Take the 2-minute tour ×
Super User is a question and answer site for computer enthusiasts and power users. It's 100% free, no registration required.

I have read that I can connect a second router by turning off DHCP and NAT, but I want the second router to assign DNS (I'm using it as an access point for my kids, and will use OpenDNS family service to help prevent inappropriate web pages).

Can I chain the two routers together keeping DHCP on both? How?

Its a Pace 4111N (primary) and Linksys E3200 (secondary).

Thanks!

Aerik

share|improve this question
    
You should be able to just set the second router to use OpenDNS for the DNS, while having DHCP and NAT only in the first router. –  mgkrebbs Sep 4 '13 at 23:37
add comment

4 Answers

up vote 4 down vote accepted

You really only want one DHCP server per network (or multiple ones working in a redundant configuration). If you have more than one on a given network, whichever DHCP server answers first is going to be the one that gets to configure that DHCP client. So if you have two separate configurations you want to "push" via DHCP, you can't do it predictably if both DHCP servers are on the same network - not to mention if the IP ranges overlap, you'll have IP conflicts.

However, in your case, it sounds like you really want two separate networks, one for your use and one for your kids. You can do this with what you have.

  • One of your routers will be connected to your ISP. This router needs to be assigned the internal LAN IP 192.168.1.1, and hand out DHCP addresses on something like 192.168.1.2 through 192.168.1.50. Call this router Router A.

  • Connect a cable from one of the LAN ports on router A to the WAN port on router B. Set Router B's WAN IP address to 192.168.1.51, and its internal LAN IP to 192.168.2.1. Tell it to hand out DHCP addresses on something like 192.168.2.2 through 192.168.2.50. Set the DNS settings on this router's DHCP to what you want for your kids.

Router A should work normally. If you have things you need accessible via the Internet, make sure it's connected to Router A and setup your port forwarding on Router A like you would on any normal router.

Router B will "get internet" through Router A.

Router B will be double NATed. This means it's very difficult for machines from the Internet to connect to anything behind router B. You probably want this since it's for your kids.

By segmenting your network like this, you'll have a separate network for you and your kids and can do what you want.

share|improve this answer
    
I had imagined something like this, but couldn't quite wrap my head around the details. I will try it and if it works I will mark it as the answer. Thank you for the detailed explanation! –  Aerik Sep 4 '13 at 22:26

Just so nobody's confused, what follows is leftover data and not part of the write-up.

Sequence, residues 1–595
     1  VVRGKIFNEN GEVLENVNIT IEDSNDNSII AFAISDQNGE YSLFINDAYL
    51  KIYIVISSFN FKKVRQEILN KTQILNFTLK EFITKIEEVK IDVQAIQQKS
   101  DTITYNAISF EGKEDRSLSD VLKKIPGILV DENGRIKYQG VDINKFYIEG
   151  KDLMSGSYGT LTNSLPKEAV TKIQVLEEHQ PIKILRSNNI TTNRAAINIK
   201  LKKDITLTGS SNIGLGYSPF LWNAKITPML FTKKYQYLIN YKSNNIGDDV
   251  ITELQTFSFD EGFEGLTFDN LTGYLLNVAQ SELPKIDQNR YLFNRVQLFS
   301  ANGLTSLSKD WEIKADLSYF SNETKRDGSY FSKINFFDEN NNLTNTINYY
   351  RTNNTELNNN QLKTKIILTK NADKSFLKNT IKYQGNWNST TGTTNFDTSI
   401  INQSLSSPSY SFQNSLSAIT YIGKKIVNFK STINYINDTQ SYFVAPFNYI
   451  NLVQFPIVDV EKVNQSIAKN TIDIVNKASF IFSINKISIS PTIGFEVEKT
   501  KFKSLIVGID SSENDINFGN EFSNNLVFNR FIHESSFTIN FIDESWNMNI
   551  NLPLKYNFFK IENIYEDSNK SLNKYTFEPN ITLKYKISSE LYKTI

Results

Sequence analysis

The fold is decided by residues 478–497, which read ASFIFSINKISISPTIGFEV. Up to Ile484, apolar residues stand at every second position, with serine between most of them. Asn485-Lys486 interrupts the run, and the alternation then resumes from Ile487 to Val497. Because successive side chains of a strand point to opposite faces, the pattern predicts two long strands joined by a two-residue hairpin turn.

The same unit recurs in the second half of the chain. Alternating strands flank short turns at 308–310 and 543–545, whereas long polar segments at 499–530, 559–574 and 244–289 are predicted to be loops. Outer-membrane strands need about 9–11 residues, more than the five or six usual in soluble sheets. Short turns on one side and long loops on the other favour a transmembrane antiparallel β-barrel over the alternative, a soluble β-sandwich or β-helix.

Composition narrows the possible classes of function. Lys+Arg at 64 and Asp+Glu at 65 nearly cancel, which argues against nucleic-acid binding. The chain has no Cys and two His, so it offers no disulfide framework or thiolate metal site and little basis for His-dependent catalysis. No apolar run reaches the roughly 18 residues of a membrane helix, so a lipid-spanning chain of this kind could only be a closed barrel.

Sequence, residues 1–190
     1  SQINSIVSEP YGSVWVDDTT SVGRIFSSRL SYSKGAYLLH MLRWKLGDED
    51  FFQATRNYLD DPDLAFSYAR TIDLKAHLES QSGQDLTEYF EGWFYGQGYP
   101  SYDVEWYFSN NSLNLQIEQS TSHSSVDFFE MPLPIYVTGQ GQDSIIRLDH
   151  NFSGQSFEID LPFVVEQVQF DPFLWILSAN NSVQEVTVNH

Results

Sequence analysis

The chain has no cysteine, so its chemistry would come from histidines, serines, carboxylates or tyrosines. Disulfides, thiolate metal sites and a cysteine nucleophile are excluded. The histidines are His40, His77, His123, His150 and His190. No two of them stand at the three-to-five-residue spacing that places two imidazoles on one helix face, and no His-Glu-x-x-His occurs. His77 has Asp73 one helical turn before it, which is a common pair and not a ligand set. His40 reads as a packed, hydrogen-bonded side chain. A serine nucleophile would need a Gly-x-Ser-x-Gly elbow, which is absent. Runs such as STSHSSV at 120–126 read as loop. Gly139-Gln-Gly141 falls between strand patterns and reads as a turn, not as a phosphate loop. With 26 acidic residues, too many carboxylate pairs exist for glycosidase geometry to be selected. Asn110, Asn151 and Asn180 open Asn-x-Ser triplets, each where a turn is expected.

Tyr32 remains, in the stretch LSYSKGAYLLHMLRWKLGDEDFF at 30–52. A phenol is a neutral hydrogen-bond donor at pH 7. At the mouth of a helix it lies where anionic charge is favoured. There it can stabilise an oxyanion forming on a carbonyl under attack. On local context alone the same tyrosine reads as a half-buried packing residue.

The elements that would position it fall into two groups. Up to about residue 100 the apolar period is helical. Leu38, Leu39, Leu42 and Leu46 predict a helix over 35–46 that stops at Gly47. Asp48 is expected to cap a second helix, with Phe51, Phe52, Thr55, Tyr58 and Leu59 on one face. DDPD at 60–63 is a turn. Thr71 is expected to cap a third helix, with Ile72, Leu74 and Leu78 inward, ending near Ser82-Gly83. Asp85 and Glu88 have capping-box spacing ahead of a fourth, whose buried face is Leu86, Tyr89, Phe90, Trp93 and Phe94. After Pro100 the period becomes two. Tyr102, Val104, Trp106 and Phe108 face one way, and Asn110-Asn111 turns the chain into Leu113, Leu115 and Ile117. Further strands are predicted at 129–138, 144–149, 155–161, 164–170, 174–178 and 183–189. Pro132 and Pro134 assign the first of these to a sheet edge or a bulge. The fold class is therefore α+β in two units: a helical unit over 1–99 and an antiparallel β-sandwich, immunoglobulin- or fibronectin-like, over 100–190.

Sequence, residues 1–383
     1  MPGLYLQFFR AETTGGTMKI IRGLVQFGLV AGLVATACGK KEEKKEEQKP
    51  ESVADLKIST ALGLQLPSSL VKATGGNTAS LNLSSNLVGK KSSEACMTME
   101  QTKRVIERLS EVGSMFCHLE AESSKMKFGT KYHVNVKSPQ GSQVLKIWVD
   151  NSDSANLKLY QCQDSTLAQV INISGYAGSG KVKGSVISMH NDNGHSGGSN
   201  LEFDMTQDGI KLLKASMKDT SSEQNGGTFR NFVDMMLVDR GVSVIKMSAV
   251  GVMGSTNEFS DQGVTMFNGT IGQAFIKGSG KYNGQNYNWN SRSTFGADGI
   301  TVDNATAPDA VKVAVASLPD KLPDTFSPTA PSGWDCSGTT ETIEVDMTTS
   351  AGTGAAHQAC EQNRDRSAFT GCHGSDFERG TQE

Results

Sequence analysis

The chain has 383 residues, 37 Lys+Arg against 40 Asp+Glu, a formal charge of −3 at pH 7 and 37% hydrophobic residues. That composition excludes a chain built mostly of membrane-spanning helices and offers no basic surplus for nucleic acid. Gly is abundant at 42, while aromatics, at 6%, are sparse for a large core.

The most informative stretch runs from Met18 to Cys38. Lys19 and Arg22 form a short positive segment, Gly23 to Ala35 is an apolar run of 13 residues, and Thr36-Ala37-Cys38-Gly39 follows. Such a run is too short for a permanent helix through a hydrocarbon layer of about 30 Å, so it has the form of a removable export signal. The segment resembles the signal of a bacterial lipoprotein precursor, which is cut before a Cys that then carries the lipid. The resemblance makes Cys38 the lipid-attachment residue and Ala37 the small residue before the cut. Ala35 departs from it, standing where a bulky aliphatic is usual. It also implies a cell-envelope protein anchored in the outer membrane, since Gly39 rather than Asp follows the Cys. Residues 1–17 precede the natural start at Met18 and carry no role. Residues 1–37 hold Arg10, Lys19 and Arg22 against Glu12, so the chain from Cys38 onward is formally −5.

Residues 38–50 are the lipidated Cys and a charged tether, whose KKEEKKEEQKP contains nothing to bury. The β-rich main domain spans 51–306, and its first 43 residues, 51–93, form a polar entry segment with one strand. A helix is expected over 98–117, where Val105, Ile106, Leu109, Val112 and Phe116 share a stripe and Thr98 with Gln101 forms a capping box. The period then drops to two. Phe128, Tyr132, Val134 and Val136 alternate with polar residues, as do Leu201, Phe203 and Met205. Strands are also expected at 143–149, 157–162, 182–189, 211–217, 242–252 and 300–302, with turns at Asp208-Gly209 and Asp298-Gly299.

add comment

Sure, the only thing you'll want to make sure to do is set them to different subnets. Most consumer routers are set to use 192.168.1.*

Just make sure to set the second one to be 192.168.2.* or something similar.

Assuming Internet > RouterA > RouterB, the one disadvantage you'll have is that systems attached to RouterA will not be able to access systems behind RouterB unless you set up routes.

share|improve this answer
add comment

Short answer: no, you cannot bridge two DHCP servers together. Computers that join the network would get an address from whichever router that responded first, and the two routers would not check in on each other.

Longer answer: you could make one router a DHCP client of the other. This would make a network inside your network, and you could control what the inside subnet would see. Downside is the inner network would have NAT running twice, but you'd have a "private" network.

When you turn off DHCP and NAT, you're effectively turning that router into a switch, not bridging them together.

share|improve this answer
add comment

You do not need two DHCP networks (or even networks) here.

Leave the address handling and DHCP servers however you want, either forward just the DNS on the second router to OpenDNS, or change the DNS servers only in your TCP / IP properties.

enter image description here

share|improve this answer
    
You said, "either forward just the DNS on the second router to OpenDNS" - but I didn't think that would work... won't the devices connected to the second router only get the DNS info from that router if they have DHCP through that router? Also, thank you but "change the DNS servers only in your TCP / IP properties" is insufficient because I want the Wii and the kids' other devices to get DNS lookups from OpenDNS as well (unless they're using their own DNS, and I can't help that). –  Aerik Sep 4 '13 at 22:21
add comment

Your Answer

 
discard

By posting your answer, you agree to the privacy policy and terms of service.

Not the answer you're looking for? Browse other questions tagged or ask your own question.